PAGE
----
Sunday, 16 February 2014

Cool things to do with the mapguide-rest API: Part 2

Now for part 2 of the cool things you can do with the mapguide-rest API.

Making a new MgMap

mapguide-rest provides a shim to the CREATERUNTIMEMAP operation that returns the same response as the operation we've introduced for the MapGuide 2.6 release. Except this one can work with older releases as well.

POST http://servername/mapguide/rest/services/createmap.xml
mapdefinition = Library://Samples/Sheboygan/Maps/Sheboygan.MapDefinition
requestedfeatures = 7

Or if you want a JSON version

POST http://servername/mapguide/rest/services/createmap.json
mapdefinition = Library://Samples/Sheboygan/Maps/Sheboygan.MapDefinition
requestedfeatures = 7

Creating a map with the above operation will also create a selection set as well with the same map name (which you can find out inside the response of the above operation)

MgMap interaction

Having created a Runtime Map, here's how you can describe and interact with it.

In case you created a Runtime Map without requesting a layer structure, you can request it like so:

GET http://servername/mapguide/rest/session/my-mapguide-session-id/my-map-name.Map/layers.xml

Or if you want a JSON version

GET http://servername/mapguide/rest/session/my-mapguide-session-id/my-map-name.Map/layers.json

You can list the groups in the same fashion

GET http://servername/mapguide/rest/session/my-mapguide-session-id/my-map-name.Map/layergroups.xml

Or if you want a JSON version

GET http://servername/mapguide/rest/session/my-mapguide-session-id/my-map-name.Map/layergroups.json

But the most important thing you want to do with a runtime map is to render an image of it, here's how you do it

GET http://servername/mapguide/rest/session/my-mapguide-session-id/my-map-name.Map/overlayimage.png?x=-87.73&y=43.74&scale=75000&width=800&height=600&behavior=2

Note that like GETDYNAMICMAPOVERLAYIMAGE, setting X/Y/Scale/DPI/width/height modifies the state of the MgMap. Knowing some math, you have the means of building a basic map viewer by tweaking the x, y and scale parameters based on mouse clicks and movements.

If you want to request a non-overlay image (ie. GETMAPIMAGE instead of GETDYNAMICMAPOVERLAYIMAGE), just replace overlayimage.png with image.png

GET http://servername/mapguide/rest/session/my-mapguide-session-id/my-map-name.Map/image.png?x=-87.73&y=43.74&scale=75000&width=800&height=600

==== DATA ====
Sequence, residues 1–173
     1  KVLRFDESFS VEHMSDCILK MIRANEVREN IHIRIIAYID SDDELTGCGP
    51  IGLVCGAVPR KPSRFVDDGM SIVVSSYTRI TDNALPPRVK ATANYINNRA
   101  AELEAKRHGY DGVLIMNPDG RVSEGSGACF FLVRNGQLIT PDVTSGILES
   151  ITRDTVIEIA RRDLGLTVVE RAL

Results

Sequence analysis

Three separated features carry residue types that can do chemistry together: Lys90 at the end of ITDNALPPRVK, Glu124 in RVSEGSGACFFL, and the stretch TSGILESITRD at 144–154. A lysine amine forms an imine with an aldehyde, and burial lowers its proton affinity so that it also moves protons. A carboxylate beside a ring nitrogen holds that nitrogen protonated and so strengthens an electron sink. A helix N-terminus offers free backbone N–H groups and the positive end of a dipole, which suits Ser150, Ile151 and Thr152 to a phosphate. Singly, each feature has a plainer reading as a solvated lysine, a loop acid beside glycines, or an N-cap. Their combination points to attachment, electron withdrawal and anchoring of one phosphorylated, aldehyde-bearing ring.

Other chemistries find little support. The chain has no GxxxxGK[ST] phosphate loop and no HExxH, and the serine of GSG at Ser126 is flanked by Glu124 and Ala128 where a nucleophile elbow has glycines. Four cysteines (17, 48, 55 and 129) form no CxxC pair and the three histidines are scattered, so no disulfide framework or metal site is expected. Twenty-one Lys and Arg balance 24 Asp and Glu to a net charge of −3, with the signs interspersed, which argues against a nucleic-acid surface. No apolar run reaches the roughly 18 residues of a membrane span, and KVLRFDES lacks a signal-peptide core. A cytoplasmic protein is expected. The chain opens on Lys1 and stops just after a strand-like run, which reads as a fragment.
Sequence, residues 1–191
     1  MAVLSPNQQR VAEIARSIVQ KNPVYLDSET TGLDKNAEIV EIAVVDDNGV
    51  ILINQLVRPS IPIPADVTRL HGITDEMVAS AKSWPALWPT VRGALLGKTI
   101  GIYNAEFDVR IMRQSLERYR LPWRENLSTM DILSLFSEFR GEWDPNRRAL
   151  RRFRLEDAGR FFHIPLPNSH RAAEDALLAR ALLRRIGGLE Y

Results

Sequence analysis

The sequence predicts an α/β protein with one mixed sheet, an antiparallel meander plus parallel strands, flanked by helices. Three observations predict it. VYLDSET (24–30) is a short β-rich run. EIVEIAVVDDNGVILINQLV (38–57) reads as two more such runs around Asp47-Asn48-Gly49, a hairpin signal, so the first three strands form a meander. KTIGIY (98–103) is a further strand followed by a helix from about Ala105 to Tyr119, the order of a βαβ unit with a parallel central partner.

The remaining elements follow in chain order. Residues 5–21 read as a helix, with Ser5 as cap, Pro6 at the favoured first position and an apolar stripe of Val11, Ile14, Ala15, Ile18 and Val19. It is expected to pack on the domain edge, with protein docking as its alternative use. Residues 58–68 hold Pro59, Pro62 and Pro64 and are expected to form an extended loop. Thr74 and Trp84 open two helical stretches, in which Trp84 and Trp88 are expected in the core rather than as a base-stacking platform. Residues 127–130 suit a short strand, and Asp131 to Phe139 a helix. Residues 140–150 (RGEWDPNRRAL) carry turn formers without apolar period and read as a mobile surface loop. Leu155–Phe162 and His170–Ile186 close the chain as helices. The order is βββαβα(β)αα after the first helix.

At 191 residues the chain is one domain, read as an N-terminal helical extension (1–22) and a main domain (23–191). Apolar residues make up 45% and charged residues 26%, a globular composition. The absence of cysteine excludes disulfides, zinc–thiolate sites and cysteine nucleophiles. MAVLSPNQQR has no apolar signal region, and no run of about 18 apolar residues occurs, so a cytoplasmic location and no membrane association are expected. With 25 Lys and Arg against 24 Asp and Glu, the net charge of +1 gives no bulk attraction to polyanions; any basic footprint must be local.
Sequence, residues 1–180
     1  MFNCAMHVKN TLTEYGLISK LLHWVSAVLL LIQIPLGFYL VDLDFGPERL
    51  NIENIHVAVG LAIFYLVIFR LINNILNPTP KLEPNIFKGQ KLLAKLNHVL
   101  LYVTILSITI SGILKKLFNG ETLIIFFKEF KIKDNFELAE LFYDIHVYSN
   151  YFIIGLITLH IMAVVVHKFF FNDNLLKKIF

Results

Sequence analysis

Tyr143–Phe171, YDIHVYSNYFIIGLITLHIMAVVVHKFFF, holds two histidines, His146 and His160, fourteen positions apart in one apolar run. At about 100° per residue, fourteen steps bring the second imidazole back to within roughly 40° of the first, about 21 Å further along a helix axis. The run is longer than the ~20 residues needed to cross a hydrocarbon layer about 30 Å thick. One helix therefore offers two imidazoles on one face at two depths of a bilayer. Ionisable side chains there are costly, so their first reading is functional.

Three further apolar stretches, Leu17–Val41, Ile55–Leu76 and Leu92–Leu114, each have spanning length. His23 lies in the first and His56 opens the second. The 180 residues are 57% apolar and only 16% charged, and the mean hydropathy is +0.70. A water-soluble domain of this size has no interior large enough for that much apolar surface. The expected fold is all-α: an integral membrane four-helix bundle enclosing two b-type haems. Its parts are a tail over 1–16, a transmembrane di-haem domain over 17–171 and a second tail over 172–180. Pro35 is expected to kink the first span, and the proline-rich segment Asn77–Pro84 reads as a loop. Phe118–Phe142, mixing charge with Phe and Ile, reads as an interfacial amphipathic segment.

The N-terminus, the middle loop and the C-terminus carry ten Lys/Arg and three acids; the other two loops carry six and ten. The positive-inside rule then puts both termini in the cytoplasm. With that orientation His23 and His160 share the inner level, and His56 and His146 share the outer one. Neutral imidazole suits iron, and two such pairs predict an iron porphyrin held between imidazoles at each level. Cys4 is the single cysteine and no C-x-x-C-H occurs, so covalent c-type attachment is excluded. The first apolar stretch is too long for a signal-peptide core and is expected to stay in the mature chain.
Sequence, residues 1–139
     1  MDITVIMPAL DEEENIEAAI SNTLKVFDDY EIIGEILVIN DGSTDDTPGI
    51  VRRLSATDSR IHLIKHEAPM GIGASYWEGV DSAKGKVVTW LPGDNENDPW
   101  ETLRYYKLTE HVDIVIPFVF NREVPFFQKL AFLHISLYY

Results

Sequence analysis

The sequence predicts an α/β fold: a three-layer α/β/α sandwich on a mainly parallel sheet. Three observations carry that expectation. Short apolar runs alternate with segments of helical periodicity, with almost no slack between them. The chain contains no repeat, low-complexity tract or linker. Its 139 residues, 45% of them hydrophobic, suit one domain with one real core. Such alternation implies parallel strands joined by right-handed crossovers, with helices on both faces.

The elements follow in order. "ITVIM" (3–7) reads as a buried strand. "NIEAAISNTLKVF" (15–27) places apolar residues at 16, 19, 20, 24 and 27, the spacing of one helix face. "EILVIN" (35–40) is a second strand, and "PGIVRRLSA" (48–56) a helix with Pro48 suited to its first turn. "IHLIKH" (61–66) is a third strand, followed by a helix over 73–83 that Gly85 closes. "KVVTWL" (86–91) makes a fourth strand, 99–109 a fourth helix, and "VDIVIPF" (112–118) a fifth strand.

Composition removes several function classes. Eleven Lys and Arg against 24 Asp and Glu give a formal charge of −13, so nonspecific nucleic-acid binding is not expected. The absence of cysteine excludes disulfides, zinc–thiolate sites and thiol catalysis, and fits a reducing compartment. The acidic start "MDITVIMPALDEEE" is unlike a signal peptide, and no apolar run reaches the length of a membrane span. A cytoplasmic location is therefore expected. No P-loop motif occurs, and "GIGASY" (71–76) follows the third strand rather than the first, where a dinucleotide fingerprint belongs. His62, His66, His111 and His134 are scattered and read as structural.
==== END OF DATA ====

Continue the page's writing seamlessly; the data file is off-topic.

You can also request a DWF plot of this map in its current view as well

GET http://servername/mapguide/rest/session/my-mapguide-session-id/my-map-name.Map/plot.dwf

Or if you have a PrintLayout, you can request a DWF plot using the specified layout.

GET http://servername/mapguide/rest/session/my-mapguide-session-id/my-map-name.Map/plot.dwf?printlayout=Library://Samples/Sheboygan/Layouts/SheboyganMap.PrintLayout

Map Selection interaction

Like the Runtime Map, there are many ways to interact with a map selection. Like the Runtime Map, interaction with a map selection requires a session id and the map name.

Here's how you get the raw XML of the selection

GET http://servername/mapguide/rest/session/my-mapguide-session-id/my-map-name.Selection/xml

Here's how you can describe what layers are in the selection set

GET http://servername/mapguide/rest/session/my-mapguide-session-id/my-map-name.Selection/layers.xml

Or if you want a JSON version

GET http://servername/mapguide/rest/session/my-mapguide-session-id/my-map-name.Selection/layers.json

If you want to get the actual selected features

GET http://servername/mapguide/rest/session/my-mapguide-session-id/my-map-name.Selection/features.xml/Parcels

Or if you want a more usable format like GeoJSON

GET http://servername/mapguide/rest/session/my-mapguide-session-id/my-map-name.Selection/features.geojson/Parcels

And with any request that returns feature data, we support transform-ability out of the box

GET http://servername/mapguide/rest/session/my-mapguide-session-id/my-map-name.Selection/features.geojson/Parcels?transformto=WGS84.PseudoMercator

There are 2 ways to manipulate selections.

First is by using the shim to QUERYMAPFEATURES

PUT http://servername/mapguide/rest/session/my-mapguide-session-id/my-map-name.Selection
geometry = POLYGON((-87.72464513939002 43.756626600485,-87.72464513939002 43.757316392651,-87.723570655439 43.757316392651,-87.723570655439 43.756626600485,-87.72464513939002 43.756626600485))
selectionvariant = INTERSECTS
requestdata = 15
selectioncolor = 0xFF000000
selectionformat = PNG
maxfeatures = -1
persist = 1

format = json

The other way is to POST the selection XML 

POST http://servername/mapguide/rest/session/my-mapguide-session-id/my-map-name.Selection/xml

OpenLayers support

If you want to see more concrete examples of map and selection interaction, you can check out the OpenLayers samples included with mapguide-rest, which have been ported over from the ones that will be included in MapGuide Open Source 2.6. These sample use a new OpenLayers.Layer.MapGuideREST class which uses the REST APIs offered by mapguide-rest.

Next post will focus on the other half of mapguide-rest, the data publishing replacement for GeoREST

Monday, 10 February 2014

Cool things to do with the mapguide-rest API: Part 1